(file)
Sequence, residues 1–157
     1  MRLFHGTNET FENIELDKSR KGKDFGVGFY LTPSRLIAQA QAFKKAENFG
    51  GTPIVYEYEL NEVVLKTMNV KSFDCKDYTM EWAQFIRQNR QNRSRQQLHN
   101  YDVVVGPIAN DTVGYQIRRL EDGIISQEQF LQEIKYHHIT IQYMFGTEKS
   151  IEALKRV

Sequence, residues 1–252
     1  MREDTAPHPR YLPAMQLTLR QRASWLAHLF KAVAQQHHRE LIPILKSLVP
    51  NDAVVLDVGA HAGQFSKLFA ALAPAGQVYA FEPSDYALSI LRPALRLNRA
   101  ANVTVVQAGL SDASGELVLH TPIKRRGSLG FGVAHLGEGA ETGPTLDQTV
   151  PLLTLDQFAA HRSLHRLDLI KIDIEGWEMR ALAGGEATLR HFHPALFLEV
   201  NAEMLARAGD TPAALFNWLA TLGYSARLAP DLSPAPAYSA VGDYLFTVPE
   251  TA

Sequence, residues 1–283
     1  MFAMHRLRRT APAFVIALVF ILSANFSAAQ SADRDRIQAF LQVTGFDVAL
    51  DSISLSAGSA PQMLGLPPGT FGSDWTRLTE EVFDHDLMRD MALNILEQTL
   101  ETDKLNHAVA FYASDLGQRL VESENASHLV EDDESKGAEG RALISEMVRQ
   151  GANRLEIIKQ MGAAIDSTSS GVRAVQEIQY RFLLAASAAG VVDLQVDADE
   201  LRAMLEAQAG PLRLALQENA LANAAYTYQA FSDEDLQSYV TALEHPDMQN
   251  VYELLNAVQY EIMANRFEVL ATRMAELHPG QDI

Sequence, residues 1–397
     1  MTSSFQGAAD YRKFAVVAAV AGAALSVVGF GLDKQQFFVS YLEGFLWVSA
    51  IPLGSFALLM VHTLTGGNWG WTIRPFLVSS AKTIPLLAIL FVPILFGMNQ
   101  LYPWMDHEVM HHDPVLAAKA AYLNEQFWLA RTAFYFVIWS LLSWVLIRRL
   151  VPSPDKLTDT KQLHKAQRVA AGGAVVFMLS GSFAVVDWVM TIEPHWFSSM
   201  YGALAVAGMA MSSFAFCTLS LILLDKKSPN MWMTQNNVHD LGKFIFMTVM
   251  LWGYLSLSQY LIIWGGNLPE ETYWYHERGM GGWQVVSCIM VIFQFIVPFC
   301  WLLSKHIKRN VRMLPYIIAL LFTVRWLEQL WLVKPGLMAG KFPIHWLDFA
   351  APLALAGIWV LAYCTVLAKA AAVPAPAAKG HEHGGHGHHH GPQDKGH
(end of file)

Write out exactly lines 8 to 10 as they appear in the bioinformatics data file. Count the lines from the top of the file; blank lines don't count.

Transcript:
    51  NDAVVLDVGA HAGQFSKLFA ALAPAGQVYA FEPSDYALSI LRPALRLNRA
   101  ANVTVVQAGL SDASGELVLH TPIKRRGSLG FGVAHLGEGA ETGPTLDQTV
   151  PLLTLDQFAA HRSLHRLDLI KIDIEGWEMR ALAGGEATLR HFHPALFLEV